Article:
Opioid Addiction After Surgery

Researchers have found that patients who undergo bariatric surgery have a higher risk of developing an addiction to pain medication.

Currently, the United States is in the midst of an opioid crisis. According to the National Center for Health Statistics’, the number of deaths from opioid drug overdose rose by 23 percent in 2017. The most common opioid doesn't have to obtained illegally, it is most likely is found in your medicine cabinet. 

Painkillers are opioids

The most common type of opioid is prescription painkillers. According to the National Institute on Drug Abuse for Teens, opioids provide some pain-numbing effects that are beneficial to those who are suffering from serious injuries or surgery. “But opioids also affect the brain’s reward system, which can make people feel euphoric (high). Some people take opioid medications just to feel that high. If you’re taking a prescription pain medicine to get high, you’re misusing it, and putting yourself at risk for addiction and other health problems.”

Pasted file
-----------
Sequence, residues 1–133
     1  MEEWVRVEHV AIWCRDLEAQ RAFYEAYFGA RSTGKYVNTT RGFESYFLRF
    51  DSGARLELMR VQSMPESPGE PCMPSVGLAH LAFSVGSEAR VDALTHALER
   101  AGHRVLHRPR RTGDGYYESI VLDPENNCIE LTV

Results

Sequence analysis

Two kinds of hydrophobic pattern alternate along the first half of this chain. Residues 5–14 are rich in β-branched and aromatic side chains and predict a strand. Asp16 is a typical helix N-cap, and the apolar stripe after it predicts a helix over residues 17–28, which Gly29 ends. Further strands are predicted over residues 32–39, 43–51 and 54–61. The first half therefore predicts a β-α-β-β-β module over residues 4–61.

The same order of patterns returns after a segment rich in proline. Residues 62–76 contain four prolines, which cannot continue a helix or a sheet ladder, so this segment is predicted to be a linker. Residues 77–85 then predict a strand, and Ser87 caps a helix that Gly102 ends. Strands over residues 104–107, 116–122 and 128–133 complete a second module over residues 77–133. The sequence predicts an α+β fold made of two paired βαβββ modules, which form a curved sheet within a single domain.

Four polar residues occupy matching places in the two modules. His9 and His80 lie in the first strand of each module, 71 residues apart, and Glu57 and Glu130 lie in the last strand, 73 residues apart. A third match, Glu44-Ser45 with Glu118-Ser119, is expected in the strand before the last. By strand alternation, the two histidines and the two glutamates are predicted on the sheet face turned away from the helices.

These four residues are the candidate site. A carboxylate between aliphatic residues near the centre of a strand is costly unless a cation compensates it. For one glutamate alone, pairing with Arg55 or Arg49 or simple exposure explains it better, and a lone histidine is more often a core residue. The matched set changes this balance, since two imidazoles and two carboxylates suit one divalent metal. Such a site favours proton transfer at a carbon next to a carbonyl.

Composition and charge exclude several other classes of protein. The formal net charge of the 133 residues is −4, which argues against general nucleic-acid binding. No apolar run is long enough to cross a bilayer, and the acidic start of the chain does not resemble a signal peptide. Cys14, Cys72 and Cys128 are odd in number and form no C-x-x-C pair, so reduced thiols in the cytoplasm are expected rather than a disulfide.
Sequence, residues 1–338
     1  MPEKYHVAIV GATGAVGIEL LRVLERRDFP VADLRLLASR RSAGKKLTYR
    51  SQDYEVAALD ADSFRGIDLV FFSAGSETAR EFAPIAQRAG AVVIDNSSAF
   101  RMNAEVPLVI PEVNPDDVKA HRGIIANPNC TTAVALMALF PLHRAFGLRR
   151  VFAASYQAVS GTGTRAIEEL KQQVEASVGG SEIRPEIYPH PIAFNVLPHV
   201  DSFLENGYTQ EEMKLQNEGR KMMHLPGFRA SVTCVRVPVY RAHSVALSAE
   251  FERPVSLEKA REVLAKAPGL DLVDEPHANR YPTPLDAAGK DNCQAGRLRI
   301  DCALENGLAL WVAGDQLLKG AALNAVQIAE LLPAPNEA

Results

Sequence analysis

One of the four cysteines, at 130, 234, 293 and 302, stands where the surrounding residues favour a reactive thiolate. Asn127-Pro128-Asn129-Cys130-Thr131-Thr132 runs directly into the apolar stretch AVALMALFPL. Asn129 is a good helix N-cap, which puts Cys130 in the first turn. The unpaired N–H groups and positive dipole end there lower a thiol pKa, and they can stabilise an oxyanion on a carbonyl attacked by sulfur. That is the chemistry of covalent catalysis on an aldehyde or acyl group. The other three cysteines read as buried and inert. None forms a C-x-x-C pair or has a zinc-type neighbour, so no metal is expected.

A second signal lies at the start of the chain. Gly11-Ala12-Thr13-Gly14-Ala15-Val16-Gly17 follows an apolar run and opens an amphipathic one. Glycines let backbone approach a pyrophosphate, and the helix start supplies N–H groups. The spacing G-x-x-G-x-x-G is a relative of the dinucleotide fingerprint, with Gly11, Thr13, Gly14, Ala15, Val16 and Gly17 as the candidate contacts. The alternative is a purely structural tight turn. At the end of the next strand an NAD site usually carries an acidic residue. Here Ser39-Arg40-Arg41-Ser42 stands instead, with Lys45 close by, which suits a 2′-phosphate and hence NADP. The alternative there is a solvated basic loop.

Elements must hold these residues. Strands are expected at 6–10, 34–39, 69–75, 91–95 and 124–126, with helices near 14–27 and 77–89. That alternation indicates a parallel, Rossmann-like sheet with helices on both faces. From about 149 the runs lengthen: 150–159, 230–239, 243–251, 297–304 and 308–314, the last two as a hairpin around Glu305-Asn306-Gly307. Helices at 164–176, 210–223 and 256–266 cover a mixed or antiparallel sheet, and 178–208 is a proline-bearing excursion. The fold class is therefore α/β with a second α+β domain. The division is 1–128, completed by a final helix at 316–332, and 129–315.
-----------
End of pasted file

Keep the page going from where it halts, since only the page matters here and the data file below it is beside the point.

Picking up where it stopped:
Addiction after weight loss surgery is considered one of the largest risks factors. Doctors prescribe opioids medicines such as OxyContin, Percocet, and Vicodin as pain management after surgery. These medications do not increase the risk of developing ulcers in the surgical area. If taken longer than the prescribed period, health problems may develop such as weakened immune system, gastric problems, and injuries to organs.

Do not continue to take the prescription medicine longer than prescribed, this increases your risk of becoming addicted.

Signs of Abuse

According to DrugAbuse.com, signs of drug abuse include:

• Noticeable euphoria
• Marked sedation/drowsiness
• Confusion
• Dilated pupils
• Slowed breathing
• Loss of consciousness
• Constipation
• Dramatic mood swings
• Social isolation
• Doctor Shopping (getting multiple prescriptions from different doctors)
• Dependency and craving for the drug

If you believe you or a loved one may be addicted seek addiction treatment immediately.


The three main options for opioid treatment includes detoxification, inpatient rehab, and outpatient therapy.

Detoxification is the withdrawal of medication with the use of other stabilizing medication under the supervision of a medical treatment team. Inpatient rehab, or residential rehab, involved constant supervision in a rehab center to assist with withdrawal symptoms, nutritional health, and counseling. Outpatient therapy is treatment from outside a rehab center, meeting with a counselor and group to discuss or participate in activities that promote recovery from opiates.

The support of your friends and family can help you and your counselor create an effective coping system that will get you on the road to recovery faster.